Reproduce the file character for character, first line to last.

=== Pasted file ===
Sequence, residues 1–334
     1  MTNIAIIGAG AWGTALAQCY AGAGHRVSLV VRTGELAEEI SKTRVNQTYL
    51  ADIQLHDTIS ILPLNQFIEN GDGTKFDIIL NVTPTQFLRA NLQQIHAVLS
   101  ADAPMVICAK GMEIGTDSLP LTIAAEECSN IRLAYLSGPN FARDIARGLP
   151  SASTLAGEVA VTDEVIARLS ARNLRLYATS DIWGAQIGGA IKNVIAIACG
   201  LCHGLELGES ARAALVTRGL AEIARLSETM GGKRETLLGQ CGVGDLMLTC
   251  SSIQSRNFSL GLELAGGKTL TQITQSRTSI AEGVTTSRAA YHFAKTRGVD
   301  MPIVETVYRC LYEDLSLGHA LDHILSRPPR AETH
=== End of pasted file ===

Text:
Sequence, residues 1–334
     1  MTNIAIIGAG AWGTALAQCY AGAGHRVSLV VRTGELAEEI SKTRVNQTYL
    51  ADIQLHDTIS ILPLNQFIEN GDGTKFDIIL NVTPTQFLRA NLQQIHAVLS
   101  ADAPMVICAK GMEIGTDSLP LTIAAEECSN IRLAYLSGPN FARDIARGLP
   151  SASTLAGEVA VTDEVIARLS ARNLRLYATS DIWGAQIGGA IKNVIAIACG
   201  LCHGLELGES ARAALVTRGL AEIARLSETM GGKRETLLGQ CGVGDLMLTC
   251  SSIQSRNFSL GLELAGGKTL TQITQSRTSI AEGVTTSRAA YHFAKTRGVD
   301  MPIVETVYRC LYEDLSLGHA LDHILSRPPR AETH